"For a long time, I thought of working on space and justice as separate entities," Wood said. "Improving the lives of women was something I thought I'd have to do on my own time."

Everything changed when she heard Dan Irwin talk about SERVIR, a program he founded within the Applied Sciences Capacity Building program area. SERVIR, a joint initiative between NASA and the U.S. Agency for International Development (USAID), applies Earth observations, models and mapping to help inform environmental decision-making in Asia, Africa and the Americas. "Dan's enthusiasm for his work was apparent – he wanted to help people,” Wood said. “So did I."

The admiration was mutual. "Danielle shared SERVIR’s mission from the start – and her work since then has really embodied those values," Irwin said. "I think she was surprised to see a whole community of people around the world who shared those goals of applying Earth observations to advance development outcomes."

Wood interned with NASA SERVIR in 2005 before pursuing her master’s degrees and later a PhD in engineering systems at MIT. "My training as an aerospace engineer was different from most Earth scientists'," Wood said. "As engineers, we learned how to design the mission to collect the data, not use it. But through SERVIR, I learned how countries in Latin America and Asia were making progress in their space capabilities and could use data from NASA satellites to address environmental and social issues" like deforestation, water quality and food security.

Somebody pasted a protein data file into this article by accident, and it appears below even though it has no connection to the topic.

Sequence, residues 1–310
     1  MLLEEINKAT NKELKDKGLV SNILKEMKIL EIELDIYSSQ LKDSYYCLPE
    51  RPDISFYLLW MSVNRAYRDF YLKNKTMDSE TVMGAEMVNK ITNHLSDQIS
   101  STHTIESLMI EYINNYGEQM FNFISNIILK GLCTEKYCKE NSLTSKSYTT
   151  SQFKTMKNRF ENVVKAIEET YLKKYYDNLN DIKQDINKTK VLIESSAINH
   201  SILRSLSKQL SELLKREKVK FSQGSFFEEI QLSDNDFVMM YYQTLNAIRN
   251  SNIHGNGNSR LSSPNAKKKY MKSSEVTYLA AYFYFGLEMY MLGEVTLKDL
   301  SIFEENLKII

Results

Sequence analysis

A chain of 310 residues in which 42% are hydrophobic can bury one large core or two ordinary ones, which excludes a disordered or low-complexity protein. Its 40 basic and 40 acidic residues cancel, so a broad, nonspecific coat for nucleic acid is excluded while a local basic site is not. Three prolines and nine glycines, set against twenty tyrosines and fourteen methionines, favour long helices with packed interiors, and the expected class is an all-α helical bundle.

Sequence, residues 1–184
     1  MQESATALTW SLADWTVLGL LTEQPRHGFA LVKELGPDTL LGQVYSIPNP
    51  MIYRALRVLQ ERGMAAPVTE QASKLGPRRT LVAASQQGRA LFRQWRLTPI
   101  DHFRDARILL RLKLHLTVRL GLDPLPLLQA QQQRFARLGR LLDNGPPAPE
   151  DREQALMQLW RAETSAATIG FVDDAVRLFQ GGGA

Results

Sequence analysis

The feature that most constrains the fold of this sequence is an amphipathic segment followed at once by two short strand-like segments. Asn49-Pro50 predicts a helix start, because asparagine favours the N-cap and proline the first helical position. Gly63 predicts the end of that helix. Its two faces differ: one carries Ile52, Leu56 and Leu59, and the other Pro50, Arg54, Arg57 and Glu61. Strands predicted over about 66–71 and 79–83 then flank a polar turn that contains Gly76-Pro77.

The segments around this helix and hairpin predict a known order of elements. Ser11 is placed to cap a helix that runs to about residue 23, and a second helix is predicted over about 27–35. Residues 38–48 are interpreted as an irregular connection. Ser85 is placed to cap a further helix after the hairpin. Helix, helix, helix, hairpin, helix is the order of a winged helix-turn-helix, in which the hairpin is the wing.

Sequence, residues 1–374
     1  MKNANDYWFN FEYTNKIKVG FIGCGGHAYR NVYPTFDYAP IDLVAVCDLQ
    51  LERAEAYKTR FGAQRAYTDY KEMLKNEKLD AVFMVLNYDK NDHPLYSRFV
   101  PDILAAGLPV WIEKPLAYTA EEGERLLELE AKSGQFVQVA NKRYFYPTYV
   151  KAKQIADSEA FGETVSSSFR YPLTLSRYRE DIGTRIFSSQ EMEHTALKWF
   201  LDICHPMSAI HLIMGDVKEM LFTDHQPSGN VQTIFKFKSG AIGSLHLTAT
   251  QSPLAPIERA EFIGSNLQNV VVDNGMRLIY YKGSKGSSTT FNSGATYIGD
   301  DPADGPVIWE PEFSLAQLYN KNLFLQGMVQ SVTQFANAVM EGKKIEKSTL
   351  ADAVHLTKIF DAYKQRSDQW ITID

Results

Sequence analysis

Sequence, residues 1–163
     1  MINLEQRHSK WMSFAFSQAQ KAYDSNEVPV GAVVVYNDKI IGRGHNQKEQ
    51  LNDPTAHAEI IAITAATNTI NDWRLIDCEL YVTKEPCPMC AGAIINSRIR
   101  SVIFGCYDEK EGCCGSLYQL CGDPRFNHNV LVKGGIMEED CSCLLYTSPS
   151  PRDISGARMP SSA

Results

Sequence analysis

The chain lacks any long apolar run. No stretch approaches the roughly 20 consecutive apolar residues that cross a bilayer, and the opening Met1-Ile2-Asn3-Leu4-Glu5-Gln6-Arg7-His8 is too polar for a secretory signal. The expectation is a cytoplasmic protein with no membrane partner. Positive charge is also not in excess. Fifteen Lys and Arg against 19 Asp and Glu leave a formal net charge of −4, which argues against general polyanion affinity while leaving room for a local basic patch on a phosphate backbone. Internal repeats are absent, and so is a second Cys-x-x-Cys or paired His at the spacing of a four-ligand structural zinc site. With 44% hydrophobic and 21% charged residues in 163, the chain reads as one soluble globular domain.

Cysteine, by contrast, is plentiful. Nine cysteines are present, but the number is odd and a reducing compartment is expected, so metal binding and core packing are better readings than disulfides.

She joined the Johns Hopkins University Applied Physics Laboratory as a postdoctoral fellow in 2013 and later worked as a Space Systems engineer at The Aerospace Corporation. She then returned to NASA in 2015 to work as the special assistant to Deputy Administrator Dava Newman and provide technical advice on space exploration, education and innovation. In 2017, Wood found an opportunity to work on building a bridge between science and justice, as the Applied Sciences manager at NASA's Goddard Space Flight Center in Greenbelt, Maryland.

Wood said her international work with SERVIR opened her eyes to human rights issues. "I felt so much anger at the injustice women of color or low-income communities face around the world," Wood said. "After all those years, NASA Applied Sciences was the link [on taking action]."

At Goddard, Wood worked with decision makers who were hoping to use space-based data on more grounded issues, like water quality, food security and disaster response. She also helped support scientists who wanted to work with decision makers to find specific types of data or design a NASA mission to acquire it.

Now at Space Enabled, Wood continues to make connections. She leads a team of graduate and professional researchers who help develop a variety of space enabled technologies. Wood and her team are also pursuing projects to apply satellite-based Earth observations to support decision making in Brazil, Benin, Ghana, Tanzania and India.

"Danielle's talent and dedication to using Earth observations to advance justice worldwide makes her an inspiration to all of us," said Lawrence Friedl, director of NASA's Earth Applied Sciences Program.

In October 2019, Wood was inducted into the International Academy of Astronautics for her cutting edge work on the relationship between space science, Earth observations and justice.

"Space belongs to all countries," Wood said. “Every country deserves equal opportunities to pursue scientific achievement for societal benefit." Thanks to Wood's work, the scientific community is getting closer to that goal.